Sandra: Tell me how THAT power balance worked because I’m not getting it.
Vassiliki: In the other 2 WTF roms I’ve mentioned, there is still power within the female character; they brought the guy to his knees. From memory, it wasn’t only the power of great sex (which is definitely one criteria), but somehow a personal connection that no other person managed to have with the hero. Somewhere along the bizarre story the heroine connects with the vulnerable part of the hero. Isn’t the vulnerability aspect the best though? How the hero/heroine copes and communicates when they find you are vulnerable.
Sandra: So which is more important, the vulnerability or who holds the power? When it comes down to accepting the WTF, I mean.
Vassiliki: I think it needs to be equal. Imbalances in relationships is what makes them unbelievable not plot twists. Can I also point out I have 3 subcategories of WTF. There is the WTF Absurd (discussed above) WTF Wallbanger (I cannot bear to read any longer for any number of reasons) and WTF Dysfunctional.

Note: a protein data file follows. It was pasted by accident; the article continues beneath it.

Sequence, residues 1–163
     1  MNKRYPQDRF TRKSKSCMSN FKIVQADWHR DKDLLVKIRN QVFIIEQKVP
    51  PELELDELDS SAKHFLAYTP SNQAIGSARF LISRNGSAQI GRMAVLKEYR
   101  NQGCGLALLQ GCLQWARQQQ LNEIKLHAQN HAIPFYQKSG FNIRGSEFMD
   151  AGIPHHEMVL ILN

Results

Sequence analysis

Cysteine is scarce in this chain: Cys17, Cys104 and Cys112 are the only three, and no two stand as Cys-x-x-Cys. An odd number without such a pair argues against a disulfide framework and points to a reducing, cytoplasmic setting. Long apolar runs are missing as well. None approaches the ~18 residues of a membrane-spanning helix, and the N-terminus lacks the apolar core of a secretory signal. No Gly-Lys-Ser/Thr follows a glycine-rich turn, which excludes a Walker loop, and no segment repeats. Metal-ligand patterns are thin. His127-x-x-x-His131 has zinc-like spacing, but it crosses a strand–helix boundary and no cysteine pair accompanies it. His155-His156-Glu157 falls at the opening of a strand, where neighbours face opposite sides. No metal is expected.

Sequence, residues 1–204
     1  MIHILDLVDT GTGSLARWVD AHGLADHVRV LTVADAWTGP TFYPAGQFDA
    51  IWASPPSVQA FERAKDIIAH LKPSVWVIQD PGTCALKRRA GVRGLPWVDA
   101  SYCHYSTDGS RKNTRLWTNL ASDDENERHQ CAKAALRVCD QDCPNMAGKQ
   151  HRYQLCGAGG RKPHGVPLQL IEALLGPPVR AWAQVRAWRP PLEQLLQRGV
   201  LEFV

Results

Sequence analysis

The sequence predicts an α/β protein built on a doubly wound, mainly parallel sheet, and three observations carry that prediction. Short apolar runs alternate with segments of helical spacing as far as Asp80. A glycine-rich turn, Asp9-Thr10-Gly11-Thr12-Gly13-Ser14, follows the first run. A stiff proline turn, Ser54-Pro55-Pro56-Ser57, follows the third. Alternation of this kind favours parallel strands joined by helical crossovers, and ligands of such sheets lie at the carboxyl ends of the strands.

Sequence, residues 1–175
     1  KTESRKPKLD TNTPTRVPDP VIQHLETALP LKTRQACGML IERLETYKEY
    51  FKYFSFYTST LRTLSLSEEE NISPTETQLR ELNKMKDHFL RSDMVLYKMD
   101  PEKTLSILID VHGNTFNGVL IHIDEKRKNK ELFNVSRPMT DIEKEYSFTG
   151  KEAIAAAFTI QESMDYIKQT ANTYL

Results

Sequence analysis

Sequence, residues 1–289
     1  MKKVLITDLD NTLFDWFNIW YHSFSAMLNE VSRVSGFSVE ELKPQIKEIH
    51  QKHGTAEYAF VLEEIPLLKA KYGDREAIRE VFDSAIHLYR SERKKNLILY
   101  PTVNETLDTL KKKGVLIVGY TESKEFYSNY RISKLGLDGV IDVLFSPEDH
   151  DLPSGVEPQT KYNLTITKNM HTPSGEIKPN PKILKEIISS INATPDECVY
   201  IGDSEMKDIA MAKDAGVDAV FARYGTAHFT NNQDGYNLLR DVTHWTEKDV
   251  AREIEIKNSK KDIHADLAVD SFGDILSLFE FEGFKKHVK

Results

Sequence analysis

Sandra: I understand the Wallbanger. Can you explain the Dysfunctional?
Vassiliki: WTF Dysfunctional romances are when people enter abusive horrid relationships. They happen in real life. We see people we know in unhappy partnerships, they may go through mercurial love/hate stages and it can make my skin crawl yet they stay (at least for some time) in these relationships.
Sandra: I can’t read those at all. Those fall into dysfunctional for me.